Whenever you are asked to specify the best tool for an application, you must first consider a few things before settling on an answer. You have to consider who is going to use it, what this tool would be used for (its application), and what the outcome is intended to accomplish. We know the answer to the first consideration to be operators. With this in mind, let us step through the remaining areas of concern to arrive at an answer.

1) What will the tool be used for?
Operators in the manufacturing and process industry environment play key roles in the overall reliability of equipment. First, they should be the most familiar with how their equipment should function under normal conditions. The difference between what that equipment should be doing and what it actually is able to do at a given moment in time is the definition of a problem.


Early indications of the onset of a problem can frequently be noticed by operators during the normal course of their duties if they are trained to be observant enough. While the use of predictive technologies such as vibration analysis, ultrasonics and infrared will give a much earlier indication, operators are sometimes called upon to be the last line of defense before failure occurs. So, one requirement of the tool could be that it needs to be able to encourage and facilitate the use of keen observation skills.

2) What end outcome is desired?
The quick answer to this question is that the chosen tool should be able to guide the operator through the root cause analysis (RCA) process down to the root cause(s) of the issue being examined. There are at least two other key outcomes that would be beneficial for this tool to accomplish as well. After the tool is used and the root cause(s) determined, there must be a system in place which allows for the resolution of the issue. The tool should also lend to easy application since the expectation would be that operators should be able to use it fairly regularly as a part of their daily regimen.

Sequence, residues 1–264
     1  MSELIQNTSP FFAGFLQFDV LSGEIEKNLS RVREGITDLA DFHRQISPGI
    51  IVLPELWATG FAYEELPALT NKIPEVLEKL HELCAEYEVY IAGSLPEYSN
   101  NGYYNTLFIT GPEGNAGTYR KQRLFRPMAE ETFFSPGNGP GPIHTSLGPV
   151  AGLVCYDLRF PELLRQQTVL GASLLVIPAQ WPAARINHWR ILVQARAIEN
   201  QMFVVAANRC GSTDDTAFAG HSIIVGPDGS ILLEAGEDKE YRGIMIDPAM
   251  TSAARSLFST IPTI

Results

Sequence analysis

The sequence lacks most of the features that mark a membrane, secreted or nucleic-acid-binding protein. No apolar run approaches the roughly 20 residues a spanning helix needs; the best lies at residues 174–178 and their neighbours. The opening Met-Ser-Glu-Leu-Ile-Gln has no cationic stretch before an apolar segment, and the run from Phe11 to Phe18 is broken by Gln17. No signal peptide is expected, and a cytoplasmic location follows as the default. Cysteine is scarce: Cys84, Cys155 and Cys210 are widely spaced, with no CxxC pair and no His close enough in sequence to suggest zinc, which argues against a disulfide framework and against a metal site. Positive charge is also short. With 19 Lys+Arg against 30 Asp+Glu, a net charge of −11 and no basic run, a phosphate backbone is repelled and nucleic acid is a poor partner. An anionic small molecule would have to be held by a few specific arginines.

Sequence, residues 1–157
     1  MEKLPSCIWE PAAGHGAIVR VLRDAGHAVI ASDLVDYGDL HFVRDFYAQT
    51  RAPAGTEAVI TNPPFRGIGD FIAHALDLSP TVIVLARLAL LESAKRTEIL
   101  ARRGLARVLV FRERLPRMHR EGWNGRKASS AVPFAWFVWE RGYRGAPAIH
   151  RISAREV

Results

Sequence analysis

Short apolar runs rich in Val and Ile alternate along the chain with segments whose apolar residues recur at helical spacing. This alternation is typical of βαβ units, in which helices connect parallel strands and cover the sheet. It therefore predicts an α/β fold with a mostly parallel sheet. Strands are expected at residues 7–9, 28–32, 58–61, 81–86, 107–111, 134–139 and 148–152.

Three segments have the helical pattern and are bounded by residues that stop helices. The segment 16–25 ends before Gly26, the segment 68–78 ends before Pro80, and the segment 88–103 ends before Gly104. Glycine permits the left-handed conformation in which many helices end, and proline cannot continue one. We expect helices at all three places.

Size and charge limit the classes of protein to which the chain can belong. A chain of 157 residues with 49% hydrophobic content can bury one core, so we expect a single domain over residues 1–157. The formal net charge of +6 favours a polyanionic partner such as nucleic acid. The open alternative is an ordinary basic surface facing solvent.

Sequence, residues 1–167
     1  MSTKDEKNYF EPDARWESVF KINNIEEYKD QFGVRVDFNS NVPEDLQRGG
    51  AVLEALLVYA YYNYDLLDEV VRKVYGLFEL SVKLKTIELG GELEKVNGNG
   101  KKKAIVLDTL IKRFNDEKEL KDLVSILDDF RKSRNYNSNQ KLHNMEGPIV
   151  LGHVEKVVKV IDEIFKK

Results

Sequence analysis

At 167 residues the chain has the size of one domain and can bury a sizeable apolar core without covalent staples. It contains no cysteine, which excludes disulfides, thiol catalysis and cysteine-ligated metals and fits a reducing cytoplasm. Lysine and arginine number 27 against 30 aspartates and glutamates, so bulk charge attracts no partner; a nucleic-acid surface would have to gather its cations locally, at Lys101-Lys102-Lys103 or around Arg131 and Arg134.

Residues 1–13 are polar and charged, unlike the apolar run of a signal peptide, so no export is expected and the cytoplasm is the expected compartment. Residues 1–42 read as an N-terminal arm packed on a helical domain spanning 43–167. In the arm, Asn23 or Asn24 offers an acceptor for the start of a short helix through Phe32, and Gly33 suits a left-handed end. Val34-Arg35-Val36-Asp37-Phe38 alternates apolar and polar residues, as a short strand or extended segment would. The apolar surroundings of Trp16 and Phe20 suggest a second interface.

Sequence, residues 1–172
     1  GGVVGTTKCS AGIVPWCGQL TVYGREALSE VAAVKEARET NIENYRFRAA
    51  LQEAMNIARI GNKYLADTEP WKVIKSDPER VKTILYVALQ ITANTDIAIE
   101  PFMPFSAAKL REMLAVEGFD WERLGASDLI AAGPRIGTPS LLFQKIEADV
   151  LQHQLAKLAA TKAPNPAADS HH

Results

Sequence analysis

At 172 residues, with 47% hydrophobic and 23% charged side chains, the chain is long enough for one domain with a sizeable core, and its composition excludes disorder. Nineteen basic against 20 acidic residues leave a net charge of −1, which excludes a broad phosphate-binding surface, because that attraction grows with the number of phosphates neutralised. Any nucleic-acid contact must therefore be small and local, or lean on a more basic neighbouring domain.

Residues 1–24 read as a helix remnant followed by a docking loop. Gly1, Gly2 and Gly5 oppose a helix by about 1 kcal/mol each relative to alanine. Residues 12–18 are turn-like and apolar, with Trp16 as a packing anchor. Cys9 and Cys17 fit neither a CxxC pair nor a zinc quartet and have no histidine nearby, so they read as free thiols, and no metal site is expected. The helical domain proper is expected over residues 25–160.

The Tool for the Job
With all this in mind, I would highly recommend a variation of the five-whys problem-solving methodology. The original five-whys technique was developed by Sakichi Toyoda and came to prominence in its use within the Toyota Production System. The architect of the Toyota Production System, Taiichi Ohno, described the five-whys method as “the basis of Toyota’s scientific approach; ... by repeating ‘why’ five times, the nature of the problem as well as its solution becomes clear.” Later, this technique was also adopted into the Six Sigma methodology.

The variation that I propose is called the Should-Actual Five-Whys (S-A-5Whys). In this variation, before tracing a defect or problem to its root cause, initial focus is spent determining when, in fact, a problem is occurring or about to occur.

How to Complete the Should-Actual Five-Whys

  • From keen observation, determine if a problem is occurring by comparing what the asset or process should be doing under normal circumstances to how it is currently performing.
  • Write down the specific problem, as indicated by the difference between the “should” and “actual.”
  • Ask “why” the defect or problem is occurring, and write the answer down below the problem.
  • Keep asking “why” until the team is certain that a root cause has been isolated.

Operators in a reliability-focused culture should have a questioning attitude and be very observant. The inclusion of the S-A-5Whys tool in their skill set will benefit the organization by the early identification and resolution of problems, leading to increased asset reliability.

About the author:

Carl March has a wealth of experience in the areas of maintenance, reliability engineering, systems modeling and design. Carl holds an undergraduate degree in mechanical engineering and a graduate degree in automotive systems engineering. As a reliability subject matter expert at Life Cycle Engineering, his passion and focus is in the transfer of knowledge in RCM, TPM, root cause analysis and Reliability Excellence to clients worldwide seeking to achieve manufacturing distinction. Carl has attained a significant level of professional recognition as a Certified Reliability Engineer (CRE) by the American Society for Quality and as a Certified Maintenance and Reliability Professional (CMRP) by the Society of Maintenance and Reliability Professionals. You can reach Carl at cmarch@LCE.com.